LELAND– She may sit on the board of directors for a Southern environmental group, but she’s a New Yorker through and through, and you won’t catch Veronica Carter sleeping outdoors by choice.
“I believe that if God wanted us to live outdoors then he wouldn’t have let us create houses,” she said.
However, try to put a landfill anywhere near her backyard and then lie about the poisons you’ll put there, and Veronica Carter will be quick to call you out.
That’s what she did a few years ago when Hugo Neu announced plans for a huge recycling dump in Navassa, a predominantly black community in Brunswick County. Carter led the opposition that successfully pushed a bill through the N.C. General Assembly that stopped that landfill and three others from being built throughout Eastern North Carolina.
Veronica Carter now
“I was appalled when I found out that everyone of these mega landfills was being placed in minority communities,” said Carter.
The N.C. Coastal Federation soon came calling, inviting Carter to join its board of directors. She did because she wanted to prevent other companies from taking advantage of economically depressed communities.
Carter’s fearlessness in standing up to a corporate giant doesn’t surprise those who know her. This is a woman who spent 20 years in the Army, when female soldiers were still an oddity, and two years in war-torn African countries working for the United Nations.
While she says she enjoys the finer things in life, like a seafood diner at Catch restaurant in Wilmington, she has never been a “for-profit kind of gal.” “I was more driven to that gratification and satisfaction—feeling that I’d done something good for someone else,” she said. “I’ve been very blessed and I think I have to give back.”
Her grandfathers were coal miners in West Virginia who never finished grade school. Carter’s parents wanted their only daughter to go to college. A native of Brooklyn, N.Y., Carter entered Fordham University in the Bronx in 1977 to study political science.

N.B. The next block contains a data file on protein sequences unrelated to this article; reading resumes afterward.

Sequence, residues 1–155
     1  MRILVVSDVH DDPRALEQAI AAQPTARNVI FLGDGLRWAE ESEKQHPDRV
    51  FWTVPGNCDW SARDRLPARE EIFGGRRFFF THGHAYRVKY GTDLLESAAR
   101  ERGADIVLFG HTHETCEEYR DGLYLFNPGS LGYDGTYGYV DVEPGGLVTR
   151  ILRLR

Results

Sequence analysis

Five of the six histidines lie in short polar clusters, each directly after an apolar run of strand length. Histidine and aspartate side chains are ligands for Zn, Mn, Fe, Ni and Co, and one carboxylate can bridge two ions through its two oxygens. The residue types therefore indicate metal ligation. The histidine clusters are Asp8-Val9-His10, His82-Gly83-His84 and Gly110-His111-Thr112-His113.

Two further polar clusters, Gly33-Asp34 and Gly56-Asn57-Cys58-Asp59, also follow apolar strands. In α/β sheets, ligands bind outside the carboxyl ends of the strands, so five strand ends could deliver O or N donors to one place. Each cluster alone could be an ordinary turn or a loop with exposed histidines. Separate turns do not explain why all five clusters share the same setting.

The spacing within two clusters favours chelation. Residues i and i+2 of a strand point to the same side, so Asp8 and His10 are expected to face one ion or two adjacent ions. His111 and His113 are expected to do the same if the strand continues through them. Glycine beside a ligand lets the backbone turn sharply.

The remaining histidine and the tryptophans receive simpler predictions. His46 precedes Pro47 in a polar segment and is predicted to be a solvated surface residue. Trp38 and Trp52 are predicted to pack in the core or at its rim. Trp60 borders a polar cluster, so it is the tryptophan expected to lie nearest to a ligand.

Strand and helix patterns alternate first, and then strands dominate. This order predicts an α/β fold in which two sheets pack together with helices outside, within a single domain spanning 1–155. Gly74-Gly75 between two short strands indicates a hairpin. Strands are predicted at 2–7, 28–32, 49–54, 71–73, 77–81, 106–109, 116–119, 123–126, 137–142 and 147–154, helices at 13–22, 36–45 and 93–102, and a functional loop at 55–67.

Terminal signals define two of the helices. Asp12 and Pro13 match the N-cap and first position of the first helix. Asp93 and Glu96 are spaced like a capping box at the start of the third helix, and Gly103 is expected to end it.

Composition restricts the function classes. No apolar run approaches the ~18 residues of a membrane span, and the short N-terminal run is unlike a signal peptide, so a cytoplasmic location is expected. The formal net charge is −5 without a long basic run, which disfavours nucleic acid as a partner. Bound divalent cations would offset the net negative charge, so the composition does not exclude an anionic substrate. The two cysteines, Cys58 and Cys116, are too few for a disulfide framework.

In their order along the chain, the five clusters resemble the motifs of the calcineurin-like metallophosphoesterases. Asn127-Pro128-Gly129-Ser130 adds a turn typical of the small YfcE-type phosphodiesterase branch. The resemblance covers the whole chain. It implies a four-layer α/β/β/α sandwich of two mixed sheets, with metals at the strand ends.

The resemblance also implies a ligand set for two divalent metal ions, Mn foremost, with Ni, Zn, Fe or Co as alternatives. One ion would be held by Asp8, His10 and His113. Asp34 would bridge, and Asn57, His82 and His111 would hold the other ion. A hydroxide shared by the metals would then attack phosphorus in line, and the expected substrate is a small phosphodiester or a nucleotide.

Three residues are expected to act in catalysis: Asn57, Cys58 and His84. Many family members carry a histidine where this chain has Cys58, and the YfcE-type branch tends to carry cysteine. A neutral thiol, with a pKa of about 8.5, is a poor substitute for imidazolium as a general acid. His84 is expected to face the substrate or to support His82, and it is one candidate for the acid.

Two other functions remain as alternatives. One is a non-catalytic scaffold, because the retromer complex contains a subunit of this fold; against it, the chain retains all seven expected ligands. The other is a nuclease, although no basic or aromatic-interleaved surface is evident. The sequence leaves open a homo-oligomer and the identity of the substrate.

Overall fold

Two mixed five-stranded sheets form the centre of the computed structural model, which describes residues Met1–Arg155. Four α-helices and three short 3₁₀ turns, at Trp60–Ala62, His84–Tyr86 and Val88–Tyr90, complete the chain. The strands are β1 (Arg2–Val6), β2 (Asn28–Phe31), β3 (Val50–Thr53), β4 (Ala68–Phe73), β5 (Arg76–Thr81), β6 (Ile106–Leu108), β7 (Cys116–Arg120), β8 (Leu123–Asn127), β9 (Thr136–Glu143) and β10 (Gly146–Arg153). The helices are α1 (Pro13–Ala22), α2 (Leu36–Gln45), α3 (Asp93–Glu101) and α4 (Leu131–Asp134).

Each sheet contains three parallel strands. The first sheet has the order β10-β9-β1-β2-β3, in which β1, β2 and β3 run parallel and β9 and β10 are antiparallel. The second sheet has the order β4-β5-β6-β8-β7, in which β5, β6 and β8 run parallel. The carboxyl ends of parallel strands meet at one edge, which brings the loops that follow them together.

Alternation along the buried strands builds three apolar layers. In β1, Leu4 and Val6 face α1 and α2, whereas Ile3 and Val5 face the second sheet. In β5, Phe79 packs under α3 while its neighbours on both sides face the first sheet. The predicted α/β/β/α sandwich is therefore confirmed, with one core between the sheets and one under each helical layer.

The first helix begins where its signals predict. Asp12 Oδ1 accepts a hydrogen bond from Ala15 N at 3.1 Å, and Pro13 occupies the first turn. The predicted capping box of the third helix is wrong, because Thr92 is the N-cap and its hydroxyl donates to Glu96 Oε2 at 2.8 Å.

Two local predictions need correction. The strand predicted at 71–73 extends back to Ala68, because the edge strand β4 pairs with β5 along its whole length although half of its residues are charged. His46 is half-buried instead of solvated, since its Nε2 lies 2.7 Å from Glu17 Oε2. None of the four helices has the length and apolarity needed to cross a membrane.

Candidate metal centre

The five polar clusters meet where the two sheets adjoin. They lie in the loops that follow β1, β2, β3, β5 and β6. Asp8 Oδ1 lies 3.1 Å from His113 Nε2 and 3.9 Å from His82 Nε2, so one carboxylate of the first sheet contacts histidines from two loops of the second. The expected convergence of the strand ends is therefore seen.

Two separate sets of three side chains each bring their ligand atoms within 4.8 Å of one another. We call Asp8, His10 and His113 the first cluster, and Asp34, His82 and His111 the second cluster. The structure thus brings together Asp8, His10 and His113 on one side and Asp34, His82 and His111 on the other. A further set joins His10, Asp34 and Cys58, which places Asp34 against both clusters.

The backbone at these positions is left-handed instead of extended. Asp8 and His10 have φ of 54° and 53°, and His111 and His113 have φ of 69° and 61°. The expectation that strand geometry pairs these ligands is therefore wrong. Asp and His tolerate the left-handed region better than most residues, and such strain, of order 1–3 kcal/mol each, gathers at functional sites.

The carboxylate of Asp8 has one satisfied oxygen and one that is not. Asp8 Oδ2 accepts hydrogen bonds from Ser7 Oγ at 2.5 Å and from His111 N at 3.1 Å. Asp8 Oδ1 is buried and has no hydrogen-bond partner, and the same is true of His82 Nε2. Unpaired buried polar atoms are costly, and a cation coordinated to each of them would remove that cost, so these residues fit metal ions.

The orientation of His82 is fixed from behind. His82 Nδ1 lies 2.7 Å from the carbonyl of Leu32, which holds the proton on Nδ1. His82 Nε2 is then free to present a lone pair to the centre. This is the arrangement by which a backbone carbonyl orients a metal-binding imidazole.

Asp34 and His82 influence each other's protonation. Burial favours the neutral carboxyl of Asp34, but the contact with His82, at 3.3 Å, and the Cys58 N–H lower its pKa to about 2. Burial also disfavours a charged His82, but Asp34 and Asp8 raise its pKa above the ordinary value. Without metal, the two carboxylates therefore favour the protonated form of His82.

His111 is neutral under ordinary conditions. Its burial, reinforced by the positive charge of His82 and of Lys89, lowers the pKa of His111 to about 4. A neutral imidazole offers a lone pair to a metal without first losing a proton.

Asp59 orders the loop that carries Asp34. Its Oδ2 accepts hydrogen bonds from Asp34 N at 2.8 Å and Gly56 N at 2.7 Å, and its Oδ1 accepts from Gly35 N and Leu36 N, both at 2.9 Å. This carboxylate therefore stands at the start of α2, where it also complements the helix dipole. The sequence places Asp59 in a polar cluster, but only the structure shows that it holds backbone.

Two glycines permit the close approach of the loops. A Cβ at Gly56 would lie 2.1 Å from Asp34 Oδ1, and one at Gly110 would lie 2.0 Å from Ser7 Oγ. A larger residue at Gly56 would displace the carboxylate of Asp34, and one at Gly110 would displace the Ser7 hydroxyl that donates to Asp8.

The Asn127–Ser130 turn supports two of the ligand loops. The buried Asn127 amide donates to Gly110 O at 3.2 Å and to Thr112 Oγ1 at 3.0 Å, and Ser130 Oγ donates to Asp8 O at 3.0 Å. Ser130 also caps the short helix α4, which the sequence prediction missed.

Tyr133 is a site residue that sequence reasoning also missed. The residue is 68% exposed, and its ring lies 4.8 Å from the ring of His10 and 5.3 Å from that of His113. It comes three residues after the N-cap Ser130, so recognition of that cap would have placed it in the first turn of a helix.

While there, Carter looked for ways to help her parents pay for college. An enticing postcard she received in the mail one day inspired her to join the university’s Reserve Officer Training Corps, or ROTC. The Army would help with her education if Carter committed to an Army career after graduation.
“The bright person that I am thought it better to be an officer than to be a private, and I can do this while I’m going to college,” she said.
After a ROTC camping trip in pup tents during a pouring rain, her new Timberland boots covered in mud, she was hooked, much to her mother’s surprise. Finishing her bachelor’s degree as a distinguished military graduate, Carter was commissioned in 1981 as a second lieutenant in the Army. “It was kind of saying, ‘We figured you’ll be here for 20 years,’” she said.
In the Army at the time, the highest rank a woman held in her branch was major and there were only two of them. Without many female role models in the upper ranks, soldiers like Carter mostly fumbled their way through the instances of degrading profanity or sexual harassment.
She was first assigned to ordnance, which deals with logistics. “Unbeknownst to me, and probably the Army at the time, I was pretty good at logistics but I didn’t know what logistics was,” said Carter.
Logistic officers address the army’s needs in transportation, ammunition, maintenance, supplies and services. Whether or not it’s a time of war, tanks need to be repaired, refueled and rearmed. Soldiers have to fed, clothed and moved around. Soldiers like Carter made sure all the parts and clothing, food and fuel, bullets and bombs were where they were supposed to be.
|While a student at Fordham University in the mid-1970s, Veronica Carter, left, joined the Reserve Officer Training Corps to help pay for college.As a major in the Army years later, Veronica poses with the school’s ROTC unit.|